Discovery and work with the long sought "Drought Receptor"

Discovery and work with the long sought "Drought Receptor"

In my graduate studies I was fortunate to be in the right place at the right time. At UC Riverside doing my thesis in the lab of Sean Cutler (quoted below) many advances were made regarding the discovery of how the plant stress hormone (shown above as a 2D chemical structure) Abscisic Acid (ABA) was perceived by the long sought after "drought receptor". Well more accurately it was a family of drough receptors [1].

"Andrew joined UCR as a Ph.D. student and IGERT fellow in the fall of 2007. Andrew's thesis work currently has two aspects. On the ABA signal transduction project, he has conducted screens for new compounds that interact with different members of a new family of candidate ABA receptor proteins (the PYR/PYLs). These new small molecules will be used to dissect the roles of the various family members."

Andrew Defries - Andrew is another of the lab’s wacky Canadians (they’re everywhere). After receiving a B.Sc. from the University of Toron...

Back then we weren't smoking cigars every day, rather it was a special occasion to celebrate our distribution of the diverse chemical library known as LATCA to Europe as well as celebrating a welcome addition to Sean's family.

"Study results appear April 30 in Science Express and in the May 22 issue of Science magazine. The Science paper is accompanied by a patent application with IGERT trainee Andrew Defries as a co-inventor. Defries, an expert in the automation of screening methods, developed methods for rapidly identifying new synthetic chemicals that activate the ABA receptors described in the Science manuscript. Defries’ ground breaking work, which involved hundreds of thousands of chemical assays that he conducted in a period of weeks, sets the stage for industrial scale chemical screens for new modulators of plant stress physiology and water use."

This impactful Science publication sent shockwaves through the community of plant biology  located in full below [1]. The details and origin of the ABA recetor(s) had been hotly contested with many "false starts" that were later retracted for lack of scientific integrity (cite).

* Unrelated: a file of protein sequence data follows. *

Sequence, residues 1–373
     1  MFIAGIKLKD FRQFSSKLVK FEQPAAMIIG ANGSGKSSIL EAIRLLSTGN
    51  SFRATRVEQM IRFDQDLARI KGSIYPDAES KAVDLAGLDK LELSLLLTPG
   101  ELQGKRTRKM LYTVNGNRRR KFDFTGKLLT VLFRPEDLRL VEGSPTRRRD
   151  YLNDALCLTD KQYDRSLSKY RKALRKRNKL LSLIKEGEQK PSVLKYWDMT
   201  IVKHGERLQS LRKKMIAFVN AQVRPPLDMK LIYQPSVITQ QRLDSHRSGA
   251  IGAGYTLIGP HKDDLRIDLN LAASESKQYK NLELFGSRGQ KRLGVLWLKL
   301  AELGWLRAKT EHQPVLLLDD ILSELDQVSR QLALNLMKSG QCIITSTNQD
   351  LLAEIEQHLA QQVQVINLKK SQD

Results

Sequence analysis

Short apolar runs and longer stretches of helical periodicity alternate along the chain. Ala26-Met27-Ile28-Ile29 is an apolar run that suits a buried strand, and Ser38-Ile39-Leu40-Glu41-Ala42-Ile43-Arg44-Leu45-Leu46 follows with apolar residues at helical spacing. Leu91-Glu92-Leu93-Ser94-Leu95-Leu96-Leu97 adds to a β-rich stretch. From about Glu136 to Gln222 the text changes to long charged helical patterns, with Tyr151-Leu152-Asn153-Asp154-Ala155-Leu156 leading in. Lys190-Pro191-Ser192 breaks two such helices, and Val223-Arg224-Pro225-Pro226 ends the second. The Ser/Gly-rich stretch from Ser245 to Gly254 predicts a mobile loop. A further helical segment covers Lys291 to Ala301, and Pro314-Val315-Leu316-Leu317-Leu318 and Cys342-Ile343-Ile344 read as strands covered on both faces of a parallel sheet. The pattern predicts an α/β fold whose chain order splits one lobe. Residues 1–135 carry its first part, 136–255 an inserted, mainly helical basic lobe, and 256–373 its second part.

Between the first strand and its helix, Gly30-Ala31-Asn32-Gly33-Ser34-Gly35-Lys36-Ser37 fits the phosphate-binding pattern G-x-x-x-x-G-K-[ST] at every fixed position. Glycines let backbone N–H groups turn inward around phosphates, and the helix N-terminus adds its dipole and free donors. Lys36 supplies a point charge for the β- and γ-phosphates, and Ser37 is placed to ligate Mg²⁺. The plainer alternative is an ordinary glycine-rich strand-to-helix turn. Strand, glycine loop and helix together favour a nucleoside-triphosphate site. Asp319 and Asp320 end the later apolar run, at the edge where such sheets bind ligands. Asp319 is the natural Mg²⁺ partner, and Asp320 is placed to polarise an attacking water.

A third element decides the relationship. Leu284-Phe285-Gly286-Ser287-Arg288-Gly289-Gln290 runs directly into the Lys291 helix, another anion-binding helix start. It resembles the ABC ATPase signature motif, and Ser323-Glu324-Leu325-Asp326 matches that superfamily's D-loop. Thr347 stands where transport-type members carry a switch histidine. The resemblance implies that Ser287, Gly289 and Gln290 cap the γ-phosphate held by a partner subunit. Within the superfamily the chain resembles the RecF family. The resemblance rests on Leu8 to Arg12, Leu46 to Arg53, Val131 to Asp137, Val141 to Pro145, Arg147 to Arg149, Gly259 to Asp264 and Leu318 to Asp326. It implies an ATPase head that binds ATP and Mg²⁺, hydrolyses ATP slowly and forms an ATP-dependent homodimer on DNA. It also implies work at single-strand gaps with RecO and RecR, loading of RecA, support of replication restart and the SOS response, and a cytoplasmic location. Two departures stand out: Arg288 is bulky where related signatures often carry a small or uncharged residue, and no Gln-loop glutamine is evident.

For those laypeople who are reading now, please check out this read by clicking here or the image below.

Highlight: Chemicals that Control Plant Stress Pathways: New Soilidiers for the Blue Revolution
Crops and other plants are constantly confronted with adverse environmental conditions, lowering yield and costing farmers billions of dollars annually. Plants use specialized signals, called stress hormones, to sense difficult times and adapt to stressful conditions to enhance survival. Of the vari…
An IGERT highlight detailing the significance of plant stress and ABA

For those seeking the detailed current state of affairs. Feel free to brew some coffee and dive into a recent update published in Science by clicking here or the image below.

Dynamic control of plant water use using designed ABA receptor agonists
Drought causes many billions of dollars of annual losses to farmers worldwide. Central to a plant’s water use efficiency are signaling pathways regulated by the hormone abscisic acid and its receptors. Vaidya et al. screened a pool of candidate small molecules and used structure-guided design to opt…

Pyrabactin the sulfonamide with a bright future in plant stress research

The synthetic ligand pyrabactin shown above was useful to discover the family of ABA receptors but did not induce dormancy in vegatitive tissues.

Later, an advance was made in the Cutler lab to discover what was coined as "quinabactin" which was able to induce vegetative water use efficiency in Arabidopsis and Soybean [2].

You can clearly see in this image, taken from [2] that the treated plant is doing well under water deprivation when compared to the endogenous plant stress hormone ABA, pyrabactin and vehicle alone (DMSO).


[1]: The pyrabactin paper

[2]: The quinabactin paper

Andrew Defries